Though car accidents happen every day in Louisiana and across the country, they are anything but mundane. People's lives can be changed forever after a crash because of catastrophic injuries. In particular, a person involved in a car accident could suffer a traumatic brain injury that leaves him or her facing many hardships.
A car accident can change any Louisiana resident's life in an instant. Some may be lucky enough to avoid physical harm, but others could suffer catastrophic injuries. In many cases, those life-changing injuries can have side effects and complications that make the ordeal even more harrowing.
Any type of serious accident can have life-changing outcomes. For some people, catastrophic injuries, like traumatic brain injuries, could result from various incidents, from falls to car accidents. Unfortunately, these incidents could occur due to the recklessness or negligence of another person while the victim ends up suffering.
Nearly everyone knows that collisions involving large trucks are often deadly. When motor vehicles or pedestrians come up against a train, the results can be even more devastating. Almost nothing can withstand the sheer size, speed and force of an oncoming train. At the Hale Law Firm, we have seen numerous cases that ended up with atypical results. One such incident may surprise you and other Louisiana residents.
If you were in a car accident, injured at work or otherwise hurt, your injuries may seem like a catastrophe to you, especially when you are in serous pain and have not yet fully recovered. However, “catastrophic injuries” has a certain meaning in the legal community, which you and other Louisiana residents may find interesting to learn about.
Lake Charles families who are caring for someone in a coma understand the agony of hoping their loved one pulls through. If you know someone who is currently in a coma, you may wonder how long the coma will last. There is no hard and fast answer, as coma patients may experience any number of different outcomes. Some people become fully conscious and are able to resume a normal life, while others may spend the rest of their lives in a coma.
When you find out that your loved one has been involved in a catastrophic situation that has resulted in a traumatic brain injury, your first thoughts may center on the likelihood of a full recovery. In serious cases, your family member may experience long-lasting effects that ultimately affect his or her ability to live life the same way as before the accident. However, with a well-rounded team of medical professionals in Louisiana, your loved one has a much higher chance of being able to recover and embrace the changes that resulted from their accident.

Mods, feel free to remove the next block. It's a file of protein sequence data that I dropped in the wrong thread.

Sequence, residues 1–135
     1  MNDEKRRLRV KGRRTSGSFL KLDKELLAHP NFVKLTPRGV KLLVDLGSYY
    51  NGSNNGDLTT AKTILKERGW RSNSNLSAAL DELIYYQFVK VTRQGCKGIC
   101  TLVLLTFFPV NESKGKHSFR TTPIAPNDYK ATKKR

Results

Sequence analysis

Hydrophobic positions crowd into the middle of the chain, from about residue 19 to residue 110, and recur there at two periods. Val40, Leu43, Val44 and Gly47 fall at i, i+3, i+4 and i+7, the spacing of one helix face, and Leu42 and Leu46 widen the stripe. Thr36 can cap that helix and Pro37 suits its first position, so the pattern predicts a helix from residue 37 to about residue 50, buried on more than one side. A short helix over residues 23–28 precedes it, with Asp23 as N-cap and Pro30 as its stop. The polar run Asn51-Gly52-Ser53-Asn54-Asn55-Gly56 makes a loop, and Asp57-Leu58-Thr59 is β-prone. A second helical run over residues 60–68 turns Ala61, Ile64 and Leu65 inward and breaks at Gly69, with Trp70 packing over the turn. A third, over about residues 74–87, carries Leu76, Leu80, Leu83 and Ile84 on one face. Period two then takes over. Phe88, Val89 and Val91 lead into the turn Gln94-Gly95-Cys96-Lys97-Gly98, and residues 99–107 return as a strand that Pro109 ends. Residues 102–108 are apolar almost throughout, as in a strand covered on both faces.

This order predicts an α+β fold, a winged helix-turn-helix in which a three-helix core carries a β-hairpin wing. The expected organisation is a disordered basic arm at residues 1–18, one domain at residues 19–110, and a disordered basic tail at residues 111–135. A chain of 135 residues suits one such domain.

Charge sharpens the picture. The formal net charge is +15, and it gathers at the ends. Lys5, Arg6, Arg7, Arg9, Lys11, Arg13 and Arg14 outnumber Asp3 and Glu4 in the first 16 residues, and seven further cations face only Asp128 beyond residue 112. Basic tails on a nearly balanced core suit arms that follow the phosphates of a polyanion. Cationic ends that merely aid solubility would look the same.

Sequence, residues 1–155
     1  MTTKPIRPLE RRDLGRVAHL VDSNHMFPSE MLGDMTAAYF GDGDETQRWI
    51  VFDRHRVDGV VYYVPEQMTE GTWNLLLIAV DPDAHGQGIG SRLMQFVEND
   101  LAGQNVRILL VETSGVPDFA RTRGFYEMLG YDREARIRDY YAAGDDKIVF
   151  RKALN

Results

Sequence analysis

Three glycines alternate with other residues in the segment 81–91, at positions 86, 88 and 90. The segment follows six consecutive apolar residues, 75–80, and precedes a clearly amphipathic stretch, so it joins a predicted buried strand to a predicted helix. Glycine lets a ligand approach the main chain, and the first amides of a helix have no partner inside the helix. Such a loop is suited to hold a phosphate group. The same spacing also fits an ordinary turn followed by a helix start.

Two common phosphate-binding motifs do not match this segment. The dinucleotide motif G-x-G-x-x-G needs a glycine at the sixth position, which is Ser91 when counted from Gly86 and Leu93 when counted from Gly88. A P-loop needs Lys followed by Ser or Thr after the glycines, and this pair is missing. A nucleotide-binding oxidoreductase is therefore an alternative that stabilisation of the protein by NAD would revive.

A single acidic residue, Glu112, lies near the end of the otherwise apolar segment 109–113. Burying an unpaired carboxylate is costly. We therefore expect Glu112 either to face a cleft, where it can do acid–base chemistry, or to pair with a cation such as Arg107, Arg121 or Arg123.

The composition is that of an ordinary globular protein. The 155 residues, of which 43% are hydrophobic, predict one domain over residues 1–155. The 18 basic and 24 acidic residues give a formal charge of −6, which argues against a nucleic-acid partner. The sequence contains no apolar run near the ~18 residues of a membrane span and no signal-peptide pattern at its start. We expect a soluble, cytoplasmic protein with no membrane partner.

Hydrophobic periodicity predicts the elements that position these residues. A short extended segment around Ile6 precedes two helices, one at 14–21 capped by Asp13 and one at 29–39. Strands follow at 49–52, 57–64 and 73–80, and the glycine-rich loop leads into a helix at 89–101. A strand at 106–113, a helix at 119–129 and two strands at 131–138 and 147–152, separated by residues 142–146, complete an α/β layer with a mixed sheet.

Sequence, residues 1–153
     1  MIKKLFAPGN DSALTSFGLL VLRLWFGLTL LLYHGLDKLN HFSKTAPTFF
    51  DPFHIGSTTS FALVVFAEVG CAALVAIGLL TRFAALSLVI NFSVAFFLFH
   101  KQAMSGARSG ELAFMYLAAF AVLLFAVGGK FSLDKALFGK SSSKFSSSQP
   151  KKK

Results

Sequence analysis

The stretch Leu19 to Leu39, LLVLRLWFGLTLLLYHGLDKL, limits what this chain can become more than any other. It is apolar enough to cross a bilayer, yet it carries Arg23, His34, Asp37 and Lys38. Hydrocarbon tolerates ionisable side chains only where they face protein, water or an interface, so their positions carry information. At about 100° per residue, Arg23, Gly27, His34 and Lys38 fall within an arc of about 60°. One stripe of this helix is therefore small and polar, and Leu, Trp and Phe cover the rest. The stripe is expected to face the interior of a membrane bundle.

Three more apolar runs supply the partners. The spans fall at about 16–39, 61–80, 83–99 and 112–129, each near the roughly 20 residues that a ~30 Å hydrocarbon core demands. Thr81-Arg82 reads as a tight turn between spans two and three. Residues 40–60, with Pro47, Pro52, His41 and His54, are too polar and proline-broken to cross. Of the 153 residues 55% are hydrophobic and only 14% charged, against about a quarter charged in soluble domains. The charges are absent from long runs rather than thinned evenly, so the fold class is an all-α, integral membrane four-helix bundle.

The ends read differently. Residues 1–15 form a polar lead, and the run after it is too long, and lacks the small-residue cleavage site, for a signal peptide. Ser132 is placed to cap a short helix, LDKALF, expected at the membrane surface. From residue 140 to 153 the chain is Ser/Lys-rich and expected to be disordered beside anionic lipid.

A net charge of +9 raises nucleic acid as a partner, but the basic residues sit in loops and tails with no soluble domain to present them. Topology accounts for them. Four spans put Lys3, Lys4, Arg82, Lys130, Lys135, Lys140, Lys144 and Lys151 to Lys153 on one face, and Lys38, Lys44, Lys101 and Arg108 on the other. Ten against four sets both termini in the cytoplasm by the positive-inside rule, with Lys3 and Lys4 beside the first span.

After your loved one has suffered a traumatic brain injury in Lake Charles, the first and most important question you likely have for their caretakers will be if they can recover (and if so, what extent)? Answering that question with anything approaching exactness may seem impossible, yet people come to us here at the Hale Law Firm all the time asking it anyway. Like them, you may be surprised to learn that clinicians can develop a reasonably good idea of what one's long-term prognosis following a TBI can be thanks to a test known as the Glasgow Coma Scale.
A catastrophic head injury in Louisiana may result in amnestic syndrome. You may recognize amnestic syndrome by its more commonly known name of amnesia. According to the Mayo Clinic, amnestic syndrome stems from damage to the areas of the brain that process memory. This damage can result from catastrophic injury such as severe trauma. Other possible causes include seizures, strokes, inflammation of the brain, tumors, degenerative neurologic conditions and alcohol or drug use. Amnestic syndrome can also result from psychological trauma. The term for this is dissociative amnesia, and it is one of the rare instances in which a sufferer may lose autobiographical information or personal memories, although this is usually temporary.
A spinal cord injury is devastating. Depending on the location of the injury, it could mean you lose the ability to use your legs or it could paralyze you from the neck down. There is no cure or fix for a spinal cord injury. However, rehabilitation can help you to feel and live better. There are many ways that rehabilitation helps and many reasons why your doctor will insist you do it.